Good public speech is inclusive, seeks access to good information, promotes understanding of others' perspectives, encourages creativity, and promotes learning and caring. Good public speech invariably brings a much better range of options, more humane range of options, and more legitimacy for those options. Good public speech may also drive out bad public speech.
To be an advocate for our values means standing up for the constitutional rights enshrined in the first amendment. The Constitution declares the right for all – not just those shouting the loudest, or showing up in the biggest numbers, but all – to participate in public processes.
To be an advocate for our values means being willing publicly and forcefully to be an advocate for good public speech and against bad public speech. It means being willing to disagree with those who without any factual basis criticize the principles of our work. This may include our use of editorials, letters to the editor, public debates, or disagreements in the middle of meetings.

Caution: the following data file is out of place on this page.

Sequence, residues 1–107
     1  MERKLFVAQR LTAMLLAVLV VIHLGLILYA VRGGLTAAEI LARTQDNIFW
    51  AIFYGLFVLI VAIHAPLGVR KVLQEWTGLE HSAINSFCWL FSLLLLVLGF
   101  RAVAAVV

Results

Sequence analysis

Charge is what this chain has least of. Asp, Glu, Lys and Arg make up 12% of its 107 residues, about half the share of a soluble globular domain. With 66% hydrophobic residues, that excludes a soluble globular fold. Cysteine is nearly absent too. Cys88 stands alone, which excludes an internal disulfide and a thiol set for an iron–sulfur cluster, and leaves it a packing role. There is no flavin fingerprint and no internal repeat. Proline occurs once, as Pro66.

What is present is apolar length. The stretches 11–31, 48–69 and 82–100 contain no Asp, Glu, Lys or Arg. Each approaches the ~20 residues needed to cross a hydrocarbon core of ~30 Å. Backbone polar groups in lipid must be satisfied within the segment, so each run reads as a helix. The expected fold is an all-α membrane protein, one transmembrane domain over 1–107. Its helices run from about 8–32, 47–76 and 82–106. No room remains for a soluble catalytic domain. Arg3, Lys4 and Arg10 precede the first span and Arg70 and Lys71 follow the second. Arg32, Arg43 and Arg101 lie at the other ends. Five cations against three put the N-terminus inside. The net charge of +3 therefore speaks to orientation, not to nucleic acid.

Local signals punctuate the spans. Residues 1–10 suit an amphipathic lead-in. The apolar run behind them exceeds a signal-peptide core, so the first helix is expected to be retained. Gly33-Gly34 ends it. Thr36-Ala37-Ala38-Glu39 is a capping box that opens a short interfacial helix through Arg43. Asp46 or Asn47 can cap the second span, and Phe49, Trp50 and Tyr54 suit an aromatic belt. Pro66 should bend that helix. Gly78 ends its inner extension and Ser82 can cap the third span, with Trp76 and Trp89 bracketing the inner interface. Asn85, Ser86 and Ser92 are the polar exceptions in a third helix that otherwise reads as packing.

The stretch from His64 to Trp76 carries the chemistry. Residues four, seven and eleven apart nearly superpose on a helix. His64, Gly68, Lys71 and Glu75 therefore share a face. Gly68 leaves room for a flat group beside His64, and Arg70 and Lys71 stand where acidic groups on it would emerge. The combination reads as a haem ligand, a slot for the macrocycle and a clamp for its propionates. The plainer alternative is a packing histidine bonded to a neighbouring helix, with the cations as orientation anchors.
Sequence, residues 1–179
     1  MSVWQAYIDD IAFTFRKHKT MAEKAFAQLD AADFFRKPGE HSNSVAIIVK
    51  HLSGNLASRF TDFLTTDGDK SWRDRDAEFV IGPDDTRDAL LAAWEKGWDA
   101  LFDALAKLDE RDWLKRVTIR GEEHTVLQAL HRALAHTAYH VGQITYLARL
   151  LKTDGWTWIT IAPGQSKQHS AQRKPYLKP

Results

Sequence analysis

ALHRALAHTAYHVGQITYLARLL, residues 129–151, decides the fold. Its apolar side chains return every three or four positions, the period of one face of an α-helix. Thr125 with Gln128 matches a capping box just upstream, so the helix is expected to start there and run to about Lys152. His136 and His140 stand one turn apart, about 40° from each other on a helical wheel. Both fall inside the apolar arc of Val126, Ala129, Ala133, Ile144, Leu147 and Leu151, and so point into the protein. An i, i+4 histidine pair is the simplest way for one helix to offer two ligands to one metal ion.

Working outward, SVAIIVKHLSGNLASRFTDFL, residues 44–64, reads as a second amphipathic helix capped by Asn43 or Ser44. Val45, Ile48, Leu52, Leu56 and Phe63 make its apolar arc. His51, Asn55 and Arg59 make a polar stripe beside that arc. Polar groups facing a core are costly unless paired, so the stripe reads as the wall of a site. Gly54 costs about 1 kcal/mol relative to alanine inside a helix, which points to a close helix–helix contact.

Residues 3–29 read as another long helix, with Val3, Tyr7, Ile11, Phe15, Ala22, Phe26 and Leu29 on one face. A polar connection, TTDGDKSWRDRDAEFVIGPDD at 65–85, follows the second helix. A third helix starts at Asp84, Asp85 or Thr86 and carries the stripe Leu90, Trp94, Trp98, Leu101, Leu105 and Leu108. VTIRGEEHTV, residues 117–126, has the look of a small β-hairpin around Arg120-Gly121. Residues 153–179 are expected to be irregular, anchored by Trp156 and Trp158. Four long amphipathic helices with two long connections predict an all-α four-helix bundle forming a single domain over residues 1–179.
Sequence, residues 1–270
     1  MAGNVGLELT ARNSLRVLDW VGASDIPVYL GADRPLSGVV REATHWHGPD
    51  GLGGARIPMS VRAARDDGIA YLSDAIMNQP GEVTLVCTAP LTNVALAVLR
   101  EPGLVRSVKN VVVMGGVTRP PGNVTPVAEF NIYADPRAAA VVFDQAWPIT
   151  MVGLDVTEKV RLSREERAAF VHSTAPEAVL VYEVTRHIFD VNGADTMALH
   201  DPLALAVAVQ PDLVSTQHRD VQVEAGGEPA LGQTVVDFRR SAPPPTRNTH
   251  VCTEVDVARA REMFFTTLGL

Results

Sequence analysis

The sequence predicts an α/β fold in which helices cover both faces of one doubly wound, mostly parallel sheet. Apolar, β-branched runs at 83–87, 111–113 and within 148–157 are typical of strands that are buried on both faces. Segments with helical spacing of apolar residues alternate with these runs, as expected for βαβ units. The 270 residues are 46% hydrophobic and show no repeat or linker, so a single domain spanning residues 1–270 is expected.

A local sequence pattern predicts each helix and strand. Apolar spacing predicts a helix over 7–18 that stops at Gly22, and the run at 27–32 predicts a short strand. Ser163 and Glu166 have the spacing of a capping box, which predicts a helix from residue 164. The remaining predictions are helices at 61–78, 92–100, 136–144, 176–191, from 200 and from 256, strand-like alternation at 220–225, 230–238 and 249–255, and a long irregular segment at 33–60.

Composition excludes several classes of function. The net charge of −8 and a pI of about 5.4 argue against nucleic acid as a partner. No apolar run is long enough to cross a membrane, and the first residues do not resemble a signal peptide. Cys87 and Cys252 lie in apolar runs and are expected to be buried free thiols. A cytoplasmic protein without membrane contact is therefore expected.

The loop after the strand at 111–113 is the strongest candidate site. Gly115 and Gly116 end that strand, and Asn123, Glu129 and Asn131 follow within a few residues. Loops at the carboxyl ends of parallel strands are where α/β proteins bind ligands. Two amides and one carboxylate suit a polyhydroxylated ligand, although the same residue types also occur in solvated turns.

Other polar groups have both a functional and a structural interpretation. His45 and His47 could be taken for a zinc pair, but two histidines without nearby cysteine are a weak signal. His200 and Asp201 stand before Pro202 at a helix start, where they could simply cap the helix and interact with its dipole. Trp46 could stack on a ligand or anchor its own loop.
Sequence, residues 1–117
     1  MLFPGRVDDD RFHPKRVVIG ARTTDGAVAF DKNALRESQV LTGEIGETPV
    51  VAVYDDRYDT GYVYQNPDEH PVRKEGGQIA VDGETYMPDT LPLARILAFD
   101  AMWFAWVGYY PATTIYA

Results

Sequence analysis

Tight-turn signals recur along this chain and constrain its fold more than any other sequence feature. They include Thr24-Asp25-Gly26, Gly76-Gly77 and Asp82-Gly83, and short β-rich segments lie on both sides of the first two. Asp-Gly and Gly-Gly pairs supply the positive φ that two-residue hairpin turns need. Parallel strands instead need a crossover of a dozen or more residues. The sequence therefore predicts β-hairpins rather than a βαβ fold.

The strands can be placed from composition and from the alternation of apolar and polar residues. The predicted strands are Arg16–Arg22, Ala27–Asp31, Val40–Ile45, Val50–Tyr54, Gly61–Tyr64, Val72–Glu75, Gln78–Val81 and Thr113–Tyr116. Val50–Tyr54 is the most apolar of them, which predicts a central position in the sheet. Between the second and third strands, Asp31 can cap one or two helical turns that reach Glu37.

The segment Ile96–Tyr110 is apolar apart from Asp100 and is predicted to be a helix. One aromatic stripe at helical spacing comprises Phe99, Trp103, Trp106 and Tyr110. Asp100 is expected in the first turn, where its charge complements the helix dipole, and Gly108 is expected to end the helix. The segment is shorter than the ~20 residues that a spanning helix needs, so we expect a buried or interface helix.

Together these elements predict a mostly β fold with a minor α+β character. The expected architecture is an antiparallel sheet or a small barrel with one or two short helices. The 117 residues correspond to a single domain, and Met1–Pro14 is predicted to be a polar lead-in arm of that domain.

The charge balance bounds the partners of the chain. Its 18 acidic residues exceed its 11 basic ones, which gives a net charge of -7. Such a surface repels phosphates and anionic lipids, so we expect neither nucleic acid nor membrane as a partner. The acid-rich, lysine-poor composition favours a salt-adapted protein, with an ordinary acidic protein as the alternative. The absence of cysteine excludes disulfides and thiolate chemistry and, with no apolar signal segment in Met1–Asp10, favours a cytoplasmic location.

Do you see yourself in this quote? If so, where? What are your values? “But it's clear that our current notions of tolerance are dangerously flaccid. It no longer will do, as Isaiah Berlin once pointed out, to shrug and say: I believe in kindness and you believe in concentration camps, and let's leave it at that. That's not tolerance; it's indifference in which respect for free speech is less a value than an alibi.” – Timothy Rutten
The first amendment to the Constitution: Congress shall make no law respecting an establishment of religion, or prohibiting the free exercise thereof; or abridging the freedom of speech, or of the press; or the right of the people peaceably to assemble, and to petition the Government for a redress of grievances.